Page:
-- end --

Download FASTA File

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Statistics of barcoding coverage: Coturnix chinensis

Barcode of Life Data Systems (BOLDS) Stats
Public Records: 2
Specimens with Barcodes: 3
Species With Barcodes: 1
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Conservation

Conservation Status

IUCN Red List Assessment


Red List Category
LC
Least Concern

Red List Criteria

Version
3.1

Year Assessed
2013

Assessor/s
BirdLife International

Reviewer/s
Butchart, S.

Contributor/s

Justification
This species has an extremely large range, and hence does not approach the thresholds for Vulnerable under the range size criterion (Extent of Occurrence <20,000 km2 combined with a declining or fluctuating range size, habitat extent/quality, or population size and a small number of locations or severe fragmentation). The population trend appears to be stable, and hence the species does not approach the thresholds for Vulnerable under the population trend criterion (>30% decline over ten years or three generations). The population size has not been quantified, but it is not believed to approach the thresholds for Vulnerable under the population size criterion (<10,000 mature individuals with a continuing decline estimated to be >10% in ten years or three generations, or with a specified population structure). For these reasons the species is evaluated as Least Concern.

History
  • 2012
    Least Concern
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This species of quail is not listed by either CITES or the IUCN.

CITES: no special status

IUCN Red List of Threatened Species: least concern

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Population

Population
The global population size has not been quantified, but the two formally split races have been described as uncommon to local (del Hoyo et al. 2009).


Population Trend
Stable
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Relevance to Humans and Ecosystems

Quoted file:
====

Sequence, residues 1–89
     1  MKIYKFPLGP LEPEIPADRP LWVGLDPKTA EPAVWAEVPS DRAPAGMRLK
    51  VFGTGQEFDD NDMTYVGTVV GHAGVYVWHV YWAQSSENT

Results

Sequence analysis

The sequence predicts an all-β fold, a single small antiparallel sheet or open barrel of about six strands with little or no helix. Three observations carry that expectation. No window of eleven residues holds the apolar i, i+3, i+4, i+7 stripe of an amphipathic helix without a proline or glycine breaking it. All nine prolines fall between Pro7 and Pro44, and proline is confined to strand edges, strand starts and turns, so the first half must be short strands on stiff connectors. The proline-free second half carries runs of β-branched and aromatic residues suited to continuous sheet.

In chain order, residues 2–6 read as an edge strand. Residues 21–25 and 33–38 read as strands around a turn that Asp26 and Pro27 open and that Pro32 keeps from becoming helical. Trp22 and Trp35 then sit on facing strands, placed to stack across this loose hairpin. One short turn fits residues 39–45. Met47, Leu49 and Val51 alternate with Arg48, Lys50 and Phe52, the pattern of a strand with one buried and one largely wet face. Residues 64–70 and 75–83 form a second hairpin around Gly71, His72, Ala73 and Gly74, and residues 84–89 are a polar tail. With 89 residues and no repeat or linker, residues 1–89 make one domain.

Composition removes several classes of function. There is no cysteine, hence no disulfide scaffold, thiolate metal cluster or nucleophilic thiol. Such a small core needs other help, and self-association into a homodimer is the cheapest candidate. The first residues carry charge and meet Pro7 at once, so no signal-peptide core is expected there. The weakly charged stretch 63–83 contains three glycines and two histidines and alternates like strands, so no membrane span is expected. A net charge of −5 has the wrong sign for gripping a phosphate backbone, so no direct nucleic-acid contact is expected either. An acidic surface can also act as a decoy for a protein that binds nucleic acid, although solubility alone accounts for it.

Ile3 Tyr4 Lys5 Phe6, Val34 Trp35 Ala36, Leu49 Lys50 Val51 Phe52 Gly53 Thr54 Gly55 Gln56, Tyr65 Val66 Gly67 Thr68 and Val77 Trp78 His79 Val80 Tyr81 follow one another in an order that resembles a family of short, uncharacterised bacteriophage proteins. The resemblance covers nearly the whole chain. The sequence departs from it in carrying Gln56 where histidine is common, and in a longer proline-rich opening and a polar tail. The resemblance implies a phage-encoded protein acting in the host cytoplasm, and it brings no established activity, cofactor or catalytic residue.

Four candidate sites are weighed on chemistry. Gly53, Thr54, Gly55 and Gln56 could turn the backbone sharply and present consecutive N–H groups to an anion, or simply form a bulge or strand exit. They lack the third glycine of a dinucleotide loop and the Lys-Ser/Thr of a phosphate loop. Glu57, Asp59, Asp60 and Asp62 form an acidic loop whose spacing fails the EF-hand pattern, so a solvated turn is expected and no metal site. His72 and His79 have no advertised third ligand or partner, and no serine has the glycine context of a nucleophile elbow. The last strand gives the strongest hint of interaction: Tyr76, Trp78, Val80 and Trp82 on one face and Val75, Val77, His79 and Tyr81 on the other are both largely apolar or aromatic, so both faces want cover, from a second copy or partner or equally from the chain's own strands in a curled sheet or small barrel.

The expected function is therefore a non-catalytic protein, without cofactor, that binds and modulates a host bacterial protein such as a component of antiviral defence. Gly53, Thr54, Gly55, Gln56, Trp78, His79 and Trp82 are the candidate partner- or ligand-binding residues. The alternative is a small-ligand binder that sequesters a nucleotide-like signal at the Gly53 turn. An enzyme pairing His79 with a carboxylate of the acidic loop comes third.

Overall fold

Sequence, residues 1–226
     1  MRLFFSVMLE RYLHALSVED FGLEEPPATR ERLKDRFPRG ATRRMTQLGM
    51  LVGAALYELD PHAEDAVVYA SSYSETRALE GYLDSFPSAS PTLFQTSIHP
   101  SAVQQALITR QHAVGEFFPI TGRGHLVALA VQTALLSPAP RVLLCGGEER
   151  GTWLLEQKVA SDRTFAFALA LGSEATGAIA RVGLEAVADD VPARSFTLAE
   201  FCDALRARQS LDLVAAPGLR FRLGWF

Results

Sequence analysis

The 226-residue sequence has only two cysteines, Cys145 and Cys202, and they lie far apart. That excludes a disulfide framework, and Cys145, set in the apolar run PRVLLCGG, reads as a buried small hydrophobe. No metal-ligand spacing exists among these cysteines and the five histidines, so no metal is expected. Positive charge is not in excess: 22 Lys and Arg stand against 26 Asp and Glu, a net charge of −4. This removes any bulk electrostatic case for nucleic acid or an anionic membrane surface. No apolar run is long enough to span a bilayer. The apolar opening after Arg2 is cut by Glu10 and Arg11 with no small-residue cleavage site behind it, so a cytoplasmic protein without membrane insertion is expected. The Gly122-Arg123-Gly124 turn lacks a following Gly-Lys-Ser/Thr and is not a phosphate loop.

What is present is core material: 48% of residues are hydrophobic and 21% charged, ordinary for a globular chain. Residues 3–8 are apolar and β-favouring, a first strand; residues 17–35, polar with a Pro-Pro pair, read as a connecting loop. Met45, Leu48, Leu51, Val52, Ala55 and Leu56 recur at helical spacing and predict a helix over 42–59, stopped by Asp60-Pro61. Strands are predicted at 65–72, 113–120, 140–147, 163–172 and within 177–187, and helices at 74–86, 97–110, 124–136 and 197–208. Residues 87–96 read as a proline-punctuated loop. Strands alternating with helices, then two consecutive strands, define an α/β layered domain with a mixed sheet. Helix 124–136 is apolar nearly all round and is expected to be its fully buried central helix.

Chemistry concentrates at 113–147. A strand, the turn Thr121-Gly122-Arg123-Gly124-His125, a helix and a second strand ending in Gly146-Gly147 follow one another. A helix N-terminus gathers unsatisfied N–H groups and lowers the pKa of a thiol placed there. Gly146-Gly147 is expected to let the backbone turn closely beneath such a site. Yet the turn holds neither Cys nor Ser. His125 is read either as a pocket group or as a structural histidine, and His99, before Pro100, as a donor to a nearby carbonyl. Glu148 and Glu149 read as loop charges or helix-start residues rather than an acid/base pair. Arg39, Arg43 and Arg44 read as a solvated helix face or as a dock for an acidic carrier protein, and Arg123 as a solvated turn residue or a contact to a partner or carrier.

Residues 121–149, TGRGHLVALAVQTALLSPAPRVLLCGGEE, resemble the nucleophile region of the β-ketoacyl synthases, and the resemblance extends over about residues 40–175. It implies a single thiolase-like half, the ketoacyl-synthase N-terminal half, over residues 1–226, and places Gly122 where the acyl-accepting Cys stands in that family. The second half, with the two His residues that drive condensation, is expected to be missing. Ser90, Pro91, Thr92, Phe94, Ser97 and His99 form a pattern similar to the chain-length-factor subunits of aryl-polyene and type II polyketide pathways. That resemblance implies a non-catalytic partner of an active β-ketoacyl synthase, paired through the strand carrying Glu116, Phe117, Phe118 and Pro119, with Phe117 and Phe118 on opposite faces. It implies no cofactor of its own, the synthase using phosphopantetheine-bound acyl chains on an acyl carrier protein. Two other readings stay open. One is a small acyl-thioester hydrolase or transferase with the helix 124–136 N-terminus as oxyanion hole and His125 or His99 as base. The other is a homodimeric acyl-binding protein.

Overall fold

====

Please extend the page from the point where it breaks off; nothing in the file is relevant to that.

Benefits

Economic Importance for Humans: Negative

There are no known adverse affects of painted quail on humans.

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Economic Importance for Humans: Positive

In aviculture, these quail are available for study as well as companionship to the many bird enthusiasts around the world. Documentation on these quail in their natural habitat is scarce, since few people have seen them in the wild. Studies on captive-bred birds have provided information on their food habits, behavior, reproduction, and other aspects of their life history (Hayes, 1992).

These quail provide food for many peoples, including those from the Far East.

Positive Impacts: food ; research and education

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Wikipedia

King quail

Samsonvale, SE Queensland
Captive king quail

The king quail (Coturnix chinensis), also known as the button quail, Chinese painted quail, chun-chi, Asian blue quail or blue-breasted quail, is in the same family as the pheasants Phasianidae of the order Galliformes, gallinaceous birds. These birds all have a distinctly larger breast-bone than other birds with more muscle surrounding the area. This is why they are hunted for their meat.

This species is the smallest "true quail" and is quite common in aviculture worldwide. In the wild they range from southeastern Asia to Oceania with 10 different subspecies.

A failed attempt was made to introduce this species to New Zealand by the Otago Acclimatisation Society in the late 1890s.

Description[edit]

The male king quail comes in many colors, including blue, brown, silver, maroon, dark brown & almost black. They have orange feet which are hard and able to withstand a continuous life on the ground like many other game birds.The female is similar to the male but cannot come in shades of blue. They can live up to 13 years in captivity but in the wild only 3-6. The eggs of king quail are a light, creamy-brown colour and slightly pointed at the 'top'; roughly ovular in shape.